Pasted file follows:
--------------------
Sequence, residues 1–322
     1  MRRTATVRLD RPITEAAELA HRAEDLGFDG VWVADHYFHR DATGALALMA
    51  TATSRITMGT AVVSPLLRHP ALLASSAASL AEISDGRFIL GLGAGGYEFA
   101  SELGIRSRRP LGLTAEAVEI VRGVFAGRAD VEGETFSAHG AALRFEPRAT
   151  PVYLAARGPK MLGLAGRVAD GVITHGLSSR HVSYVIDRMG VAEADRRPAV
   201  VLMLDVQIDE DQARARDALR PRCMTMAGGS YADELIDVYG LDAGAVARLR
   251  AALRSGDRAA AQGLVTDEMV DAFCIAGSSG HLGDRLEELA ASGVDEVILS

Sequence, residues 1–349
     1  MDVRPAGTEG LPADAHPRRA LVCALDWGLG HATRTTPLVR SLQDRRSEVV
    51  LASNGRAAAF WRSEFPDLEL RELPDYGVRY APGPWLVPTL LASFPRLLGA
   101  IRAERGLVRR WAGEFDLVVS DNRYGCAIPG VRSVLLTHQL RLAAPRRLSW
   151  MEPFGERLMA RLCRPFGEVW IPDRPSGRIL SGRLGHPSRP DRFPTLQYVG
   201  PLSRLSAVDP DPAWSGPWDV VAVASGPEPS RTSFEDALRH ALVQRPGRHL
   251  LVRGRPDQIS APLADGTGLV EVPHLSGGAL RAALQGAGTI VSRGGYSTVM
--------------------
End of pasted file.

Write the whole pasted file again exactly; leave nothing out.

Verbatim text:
Sequence, residues 1–322
     1  MRRTATVRLD RPITEAAELA HRAEDLGFDG VWVADHYFHR DATGALALMA
    51  TATSRITMGT AVVSPLLRHP ALLASSAASL AEISDGRFIL GLGAGGYEFA
   101  SELGIRSRRP LGLTAEAVEI VRGVFAGRAD VEGETFSAHG AALRFEPRAT
   151  PVYLAARGPK MLGLAGRVAD GVITHGLSSR HVSYVIDRMG VAEADRRPAV
   201  VLMLDVQIDE DQARARDALR PRCMTMAGGS YADELIDVYG LDAGAVARLR
   251  AALRSGDRAA AQGLVTDEMV DAFCIAGSSG HLGDRLEELA ASGVDEVILS

Sequence, residues 1–349
     1  MDVRPAGTEG LPADAHPRRA LVCALDWGLG HATRTTPLVR SLQDRRSEVV
    51  LASNGRAAAF WRSEFPDLEL RELPDYGVRY APGPWLVPTL LASFPRLLGA
   101  IRAERGLVRR WAGEFDLVVS DNRYGCAIPG VRSVLLTHQL RLAAPRRLSW
   151  MEPFGERLMA RLCRPFGEVW IPDRPSGRIL SGRLGHPSRP DRFPTLQYVG
   201  PLSRLSAVDP DPAWSGPWDV VAVASGPEPS RTSFEDALRH ALVQRPGRHL
   251  LVRGRPDQIS APLADGTGLV EVPHLSGGAL RAALQGAGTI VSRGGYSTVM